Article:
By Mary Hladky

Now that the former Ocean Breeze golf course is no longer slated to become the Boca National course, Greater Boca Raton Beach and Park District commissioners have decided to clean up and better maintain the 212 acres as they decide what to do with it.
Commissioners voted to request bids for the project at their Jan. 4 meeting. Bids are due by Feb. 12.
The project includes demolishing buildings and parking lots and planting sod on the cleared land. Trees will be trimmed or removed if they are unhealthy, and underbrush, vines and non-native plants removed. Split rail fencing will be installed in six locations.
Existing cart paths will be connected to create a walking trail.
“We need to clean up the property,” Commissioner Robert Rollins said.
Commissioners also want to improve the entrance to the property. “It definitely needs work,” said Executive Director Briann Harms.
They can’t do that immediately because the land is owned by the San Remo Homeowners Association.
Commissioners directed Harms and the district’s attorney to attempt to reach an agreement with the association that would allow the district to use public money to pay for the work.
District officials have spoken with the association in the past about possible lease or acquisition of the property, but Commissioner Susan Vogelgesang said those talks broke down.
District commissioners and City Council members intended to build the new Boca National golf course on the Ocean Breeze property, but the project bogged down because of disagreements about the cost and whether the city or the district would be in charge of the project.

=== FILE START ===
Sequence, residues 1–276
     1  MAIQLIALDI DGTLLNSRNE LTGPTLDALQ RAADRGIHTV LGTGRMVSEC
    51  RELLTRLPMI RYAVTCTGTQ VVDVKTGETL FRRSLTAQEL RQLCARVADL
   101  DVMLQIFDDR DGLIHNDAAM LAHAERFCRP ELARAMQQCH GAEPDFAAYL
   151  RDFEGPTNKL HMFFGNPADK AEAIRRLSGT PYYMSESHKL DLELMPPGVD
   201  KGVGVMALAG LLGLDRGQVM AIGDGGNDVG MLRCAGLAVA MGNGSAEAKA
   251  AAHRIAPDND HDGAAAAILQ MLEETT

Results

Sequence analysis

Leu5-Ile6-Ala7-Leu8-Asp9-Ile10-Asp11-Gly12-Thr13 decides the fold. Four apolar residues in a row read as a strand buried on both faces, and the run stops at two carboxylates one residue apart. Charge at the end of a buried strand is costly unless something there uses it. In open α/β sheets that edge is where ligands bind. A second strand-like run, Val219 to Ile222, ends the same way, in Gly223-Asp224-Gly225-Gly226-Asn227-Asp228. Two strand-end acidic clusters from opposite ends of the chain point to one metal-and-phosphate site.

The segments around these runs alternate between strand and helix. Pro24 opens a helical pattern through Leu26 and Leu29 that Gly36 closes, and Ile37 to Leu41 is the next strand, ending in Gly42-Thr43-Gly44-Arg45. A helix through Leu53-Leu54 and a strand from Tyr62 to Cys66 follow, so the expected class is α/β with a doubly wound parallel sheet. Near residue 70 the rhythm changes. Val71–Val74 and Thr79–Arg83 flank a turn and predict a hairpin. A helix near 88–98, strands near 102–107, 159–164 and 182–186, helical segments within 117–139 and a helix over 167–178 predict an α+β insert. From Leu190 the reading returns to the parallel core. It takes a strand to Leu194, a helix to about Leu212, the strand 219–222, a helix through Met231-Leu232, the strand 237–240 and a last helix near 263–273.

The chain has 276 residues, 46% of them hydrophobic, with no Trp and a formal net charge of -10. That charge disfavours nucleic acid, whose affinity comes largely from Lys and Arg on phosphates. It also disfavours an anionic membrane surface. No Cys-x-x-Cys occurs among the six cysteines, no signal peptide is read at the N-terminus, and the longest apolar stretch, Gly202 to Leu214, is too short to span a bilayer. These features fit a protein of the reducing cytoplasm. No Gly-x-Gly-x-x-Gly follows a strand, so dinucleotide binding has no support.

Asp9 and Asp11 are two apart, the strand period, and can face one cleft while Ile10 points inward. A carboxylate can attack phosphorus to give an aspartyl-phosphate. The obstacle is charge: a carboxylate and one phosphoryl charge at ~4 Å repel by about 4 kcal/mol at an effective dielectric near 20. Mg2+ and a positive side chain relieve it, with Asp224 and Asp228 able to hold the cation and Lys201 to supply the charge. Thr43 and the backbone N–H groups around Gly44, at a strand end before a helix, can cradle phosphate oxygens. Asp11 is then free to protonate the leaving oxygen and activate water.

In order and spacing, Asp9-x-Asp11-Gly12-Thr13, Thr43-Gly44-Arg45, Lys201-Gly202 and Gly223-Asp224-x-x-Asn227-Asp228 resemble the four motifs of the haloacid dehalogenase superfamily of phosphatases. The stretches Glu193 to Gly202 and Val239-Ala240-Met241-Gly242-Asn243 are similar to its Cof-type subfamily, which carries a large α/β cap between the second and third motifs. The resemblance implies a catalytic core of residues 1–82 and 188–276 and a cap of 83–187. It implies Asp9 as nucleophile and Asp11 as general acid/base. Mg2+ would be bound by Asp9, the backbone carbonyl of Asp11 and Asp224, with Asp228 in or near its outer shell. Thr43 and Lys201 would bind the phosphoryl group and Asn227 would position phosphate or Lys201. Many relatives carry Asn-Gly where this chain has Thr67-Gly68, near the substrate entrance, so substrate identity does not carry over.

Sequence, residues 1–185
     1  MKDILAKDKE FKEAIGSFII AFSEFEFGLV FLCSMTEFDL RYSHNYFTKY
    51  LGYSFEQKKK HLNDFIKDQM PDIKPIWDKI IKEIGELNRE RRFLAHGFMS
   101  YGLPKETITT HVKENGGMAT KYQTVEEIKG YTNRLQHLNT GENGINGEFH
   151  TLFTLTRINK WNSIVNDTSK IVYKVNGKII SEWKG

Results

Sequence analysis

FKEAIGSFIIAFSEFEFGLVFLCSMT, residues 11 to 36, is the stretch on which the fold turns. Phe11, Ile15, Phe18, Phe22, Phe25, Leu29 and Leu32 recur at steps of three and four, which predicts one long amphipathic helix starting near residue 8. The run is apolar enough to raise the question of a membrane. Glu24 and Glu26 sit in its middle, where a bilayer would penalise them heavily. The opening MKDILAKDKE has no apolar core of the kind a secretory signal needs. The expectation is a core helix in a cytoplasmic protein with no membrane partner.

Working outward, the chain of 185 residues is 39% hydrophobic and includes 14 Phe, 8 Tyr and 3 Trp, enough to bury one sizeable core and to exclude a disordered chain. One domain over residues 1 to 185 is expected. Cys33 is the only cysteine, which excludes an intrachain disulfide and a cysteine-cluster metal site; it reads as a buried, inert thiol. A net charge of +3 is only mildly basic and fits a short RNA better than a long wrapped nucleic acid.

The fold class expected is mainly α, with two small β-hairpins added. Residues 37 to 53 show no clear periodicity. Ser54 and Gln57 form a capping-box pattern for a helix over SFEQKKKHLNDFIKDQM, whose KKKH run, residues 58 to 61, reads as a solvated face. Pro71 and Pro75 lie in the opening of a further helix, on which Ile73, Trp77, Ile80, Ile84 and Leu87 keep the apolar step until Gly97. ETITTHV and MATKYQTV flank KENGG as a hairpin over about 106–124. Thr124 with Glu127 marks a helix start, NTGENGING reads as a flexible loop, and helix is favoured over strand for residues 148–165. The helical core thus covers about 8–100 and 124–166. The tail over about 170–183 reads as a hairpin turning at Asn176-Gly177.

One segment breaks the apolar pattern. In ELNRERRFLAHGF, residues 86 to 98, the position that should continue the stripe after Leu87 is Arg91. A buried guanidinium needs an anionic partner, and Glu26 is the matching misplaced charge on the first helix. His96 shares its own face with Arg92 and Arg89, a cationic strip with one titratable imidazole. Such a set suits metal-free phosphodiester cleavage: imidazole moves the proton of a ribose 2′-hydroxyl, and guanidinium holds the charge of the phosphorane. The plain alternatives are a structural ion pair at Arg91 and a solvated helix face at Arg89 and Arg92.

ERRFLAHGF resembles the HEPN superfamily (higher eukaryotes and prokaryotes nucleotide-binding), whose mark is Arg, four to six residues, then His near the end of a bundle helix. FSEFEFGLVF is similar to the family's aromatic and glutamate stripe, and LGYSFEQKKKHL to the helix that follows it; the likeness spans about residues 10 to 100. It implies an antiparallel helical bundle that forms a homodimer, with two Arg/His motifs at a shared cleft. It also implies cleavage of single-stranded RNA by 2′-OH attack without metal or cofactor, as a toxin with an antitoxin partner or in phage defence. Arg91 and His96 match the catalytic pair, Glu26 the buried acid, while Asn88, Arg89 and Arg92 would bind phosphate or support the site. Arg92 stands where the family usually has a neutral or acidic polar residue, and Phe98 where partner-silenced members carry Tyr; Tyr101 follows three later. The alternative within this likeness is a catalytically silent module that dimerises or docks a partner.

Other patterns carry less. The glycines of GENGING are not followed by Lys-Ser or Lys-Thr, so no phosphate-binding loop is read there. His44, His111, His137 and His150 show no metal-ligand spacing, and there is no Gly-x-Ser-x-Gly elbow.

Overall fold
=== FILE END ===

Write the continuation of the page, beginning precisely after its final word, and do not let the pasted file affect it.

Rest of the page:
The back-and-forth ended abruptly in October when the Boca Raton Resort & Club donated the 167-acre Boca Golf and Tennis Country Club to the city, eliminating the need for a new golf course.
Commissioners are now eager to create a new plan for the Ocean Breeze land. But once again, the district believes the city has thrown up a roadblock that so far is keeping commissioners from hiring a consultant to create a master plan, while the city denies it is causing delays.
Deputy Mayor Andrea O’Rourke said at a Jan. 11 council workshop meeting that it would be a good idea to schedule a joint city-district meeting to “make sure we are on the same page.”
Council member Monica Mayotte agreed.
“There are great things that can happen in that space. We should put our heads together and get a joint meeting on the calendar,” O’Rourke said.
In other beach and park district business on Jan. 4, commissioners unanimously agreed to keep their current leadership lineup.
Vogelgesang will remain as chairwoman, Erin Wright as vice chairwoman and Craig Ehrnst as secretary-treasurer.
“I think we have a great group in place and I wanted to keep them together,” Rollins said

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